I know, you may be thinking ‘what’s with the admittedly odd title for this movie review?’ I want to make this film stand out from the rest, just in case you’ve been underwhelmed by all of the previous Transformers films. “Bumblebee” is different.
For over 30 years, people have been enjoying the Transformers, first as a popular line of kids’ toys/adult collectibles that transformed between assorted vehicles and sentient robots, and more recently as a series of commercially successful movies.
While the Box Office numbers ensured that Transformer movies would continue being produced, critical reviews of the previous Transformers movies were mixed at best. That situation has changed for the better with “Bumblebee.”
It is not a contradiction of terms to say that robots can be sentient beings. Google the term “sentience definition” to check out the dictionary definition of sentient. Bumblebee does indeed have the demonstrated ability to perceive and respond to his senses/sensors. That is a large part of what makes “Bumblebee” the movie so endearing.
“Bumblebee” has heart, and lots of it. We have come to expect no less than that from Executive Producer Steven Spielberg. For a welcome change, this science fiction, action adventure, superhero movie uses its computer-generated special effects in support of the human characters in the movie, not as the main focus of attention, and not as effects for effects sake, that tend to dazzle audiences but fall short in the area of storytelling.
The audience in the theater in which I saw “Bumblebee” spontaneously responded, at various times, with applause and laughter to Bumblebee’s comical interactions with the human heroine (teenager Charlie Watson, who was grieving the sudden loss of her father). In interactions throughout the film, Bumblebee displayed an endearing blend of compassion, humor and understanding for Charlie.
Spoiler alert: if you do not want to read an introduction to what this film is generally about, enjoy the photos and skip ahead to the last three paragraphs.
Set in 1980s California, “Bumblebee” tells the story of Autobot B-127, a bright yellow Transformer who is nicknamed Bumblebee by Charlie. His alter ego – the vehicle that he transforms into – is an old, worn out, yellow VW Beetle (the bright yellow Camaro alter ego would come much later). A fierce warrior, Bumblebee had fought in a centuries-long conflict between his fellow Autobots and the Decepticons. His mission on Earth is to protect the planet and its inhabitants, in the hope of establishing a refuge for his fellow Autobots.
On Earth, a chance encounter with a soon to be 18-year-old girl named Charlie Watson leads to their enduring friendship – one that would soon be tested in a fierce struggle between an advance party of Decepticons (Shatter and Dropkick – their alter egos being muscle cars, a fighter jet and an attack helicopter), Bumblebee and the inhabitants of planet Earth.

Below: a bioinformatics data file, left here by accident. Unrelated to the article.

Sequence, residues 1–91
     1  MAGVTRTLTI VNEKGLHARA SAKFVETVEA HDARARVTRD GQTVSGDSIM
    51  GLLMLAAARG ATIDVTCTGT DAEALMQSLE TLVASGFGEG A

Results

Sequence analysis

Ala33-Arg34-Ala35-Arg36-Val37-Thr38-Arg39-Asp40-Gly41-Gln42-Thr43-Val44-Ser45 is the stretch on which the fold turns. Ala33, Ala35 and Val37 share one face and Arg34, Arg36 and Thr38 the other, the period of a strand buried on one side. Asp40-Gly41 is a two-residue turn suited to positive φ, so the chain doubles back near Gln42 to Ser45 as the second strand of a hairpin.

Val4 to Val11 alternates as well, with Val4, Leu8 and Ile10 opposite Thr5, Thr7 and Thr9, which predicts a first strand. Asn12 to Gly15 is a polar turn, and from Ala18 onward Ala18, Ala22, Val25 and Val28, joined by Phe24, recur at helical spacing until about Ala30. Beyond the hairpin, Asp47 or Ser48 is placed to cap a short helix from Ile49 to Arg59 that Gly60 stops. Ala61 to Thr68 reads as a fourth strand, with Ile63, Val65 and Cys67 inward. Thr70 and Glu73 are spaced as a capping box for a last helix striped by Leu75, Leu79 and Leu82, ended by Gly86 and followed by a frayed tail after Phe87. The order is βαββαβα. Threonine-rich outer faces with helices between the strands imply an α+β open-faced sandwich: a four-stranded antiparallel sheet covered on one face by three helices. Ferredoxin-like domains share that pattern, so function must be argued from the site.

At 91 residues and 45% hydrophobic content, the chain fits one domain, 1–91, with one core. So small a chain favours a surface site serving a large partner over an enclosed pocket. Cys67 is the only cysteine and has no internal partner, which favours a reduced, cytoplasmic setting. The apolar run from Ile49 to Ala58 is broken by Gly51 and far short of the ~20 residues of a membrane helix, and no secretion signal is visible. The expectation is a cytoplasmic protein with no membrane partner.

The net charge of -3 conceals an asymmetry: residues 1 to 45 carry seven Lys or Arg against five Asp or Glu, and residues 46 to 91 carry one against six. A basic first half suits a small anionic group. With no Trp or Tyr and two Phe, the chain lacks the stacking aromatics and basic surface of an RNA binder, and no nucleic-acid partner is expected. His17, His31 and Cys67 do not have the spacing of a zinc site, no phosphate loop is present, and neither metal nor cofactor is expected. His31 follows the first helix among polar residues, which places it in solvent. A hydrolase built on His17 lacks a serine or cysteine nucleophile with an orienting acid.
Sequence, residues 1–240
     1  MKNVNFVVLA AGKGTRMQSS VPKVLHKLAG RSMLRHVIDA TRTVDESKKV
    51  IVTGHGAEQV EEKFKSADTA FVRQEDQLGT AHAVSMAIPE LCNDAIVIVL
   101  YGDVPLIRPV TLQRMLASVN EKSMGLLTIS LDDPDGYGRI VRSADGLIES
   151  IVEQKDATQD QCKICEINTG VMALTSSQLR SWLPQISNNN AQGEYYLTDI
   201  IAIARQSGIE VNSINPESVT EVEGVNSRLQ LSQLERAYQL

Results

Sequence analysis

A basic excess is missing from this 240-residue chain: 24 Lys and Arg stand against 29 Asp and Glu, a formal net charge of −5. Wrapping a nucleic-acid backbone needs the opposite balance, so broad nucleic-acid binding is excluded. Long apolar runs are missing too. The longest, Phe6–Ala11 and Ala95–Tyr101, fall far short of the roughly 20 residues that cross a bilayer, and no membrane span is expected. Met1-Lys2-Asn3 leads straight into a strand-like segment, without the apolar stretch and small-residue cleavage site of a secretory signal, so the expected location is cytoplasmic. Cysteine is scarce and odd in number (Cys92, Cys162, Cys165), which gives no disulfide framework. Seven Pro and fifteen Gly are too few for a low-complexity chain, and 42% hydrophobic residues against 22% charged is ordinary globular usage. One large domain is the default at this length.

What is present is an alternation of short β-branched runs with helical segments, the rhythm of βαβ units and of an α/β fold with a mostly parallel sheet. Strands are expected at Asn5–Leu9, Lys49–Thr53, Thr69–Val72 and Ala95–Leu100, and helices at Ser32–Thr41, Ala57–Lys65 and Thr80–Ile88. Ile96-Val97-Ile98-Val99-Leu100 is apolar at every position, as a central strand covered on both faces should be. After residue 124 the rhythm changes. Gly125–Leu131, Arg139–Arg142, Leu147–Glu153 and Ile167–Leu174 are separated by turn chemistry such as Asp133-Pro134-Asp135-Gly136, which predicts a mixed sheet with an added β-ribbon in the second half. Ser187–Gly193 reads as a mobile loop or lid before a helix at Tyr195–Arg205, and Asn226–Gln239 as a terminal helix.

In that struggle, Bumblebee selflessly defends Charlie from aggressors: mostly from the evil pair of Decepticons, and somewhat from the misguided efforts of the human military that failed to comprehend the evil intent of those Decepticons.
Their shared conflict is vividly brought to life by a well-crafted story, (mostly) compelling lead characters (regrettably the members of the military are not, which detracts from the credibility of the conflict) and excellent visual effects. The transformations of Bumblebee, Shatter and Dropkick are mesmerizing and seamless in their transitions.
“Bumblebee” stars Hailee Steinfeld as Charlie Watson and John Cena as Agent Burns. It was directed by Travis Knight, who also directed “Boxtrolls” – another film starring endearing animated creatures with human characteristics, and human interaction.
Charlie shares her adventure with her neighbor “Memo” (Jorge Lendeborg Jr.), her young brother Otis (Jason Drucker) and Uncle Hank (Len Cariou, grandfather Henry Reagan from TV’s “Blue Bloods”).
Paramount Pictures took advantage of the send-off that VW held for their iconic Beetle (again) at the recent Los Angeles Auto Show to promote “Bumblebee” with a towering Bumblebee figure. Also, in a large tent outside the convention center at a special “Beetles & Breakfast” showcasing VWs throughout the years, were the yellow Beetle from the movie (or a replica of it), a current generation yellow Beetle and large graphic of Bumblebee holding a sign of the name of his movie between the two cars.
For additional photos, visit www.drivetribe.com and enter “AutoMatters & More #570” in their search bar. To see the official Paramount Pictures trailer, visit https://www.paramount.com/movies/bumblebee. As always, please send comments and suggestions to AutoMatters@gmail.com.
Copyright © 2018 by Jan Wagner – AutoMatters & More #570r1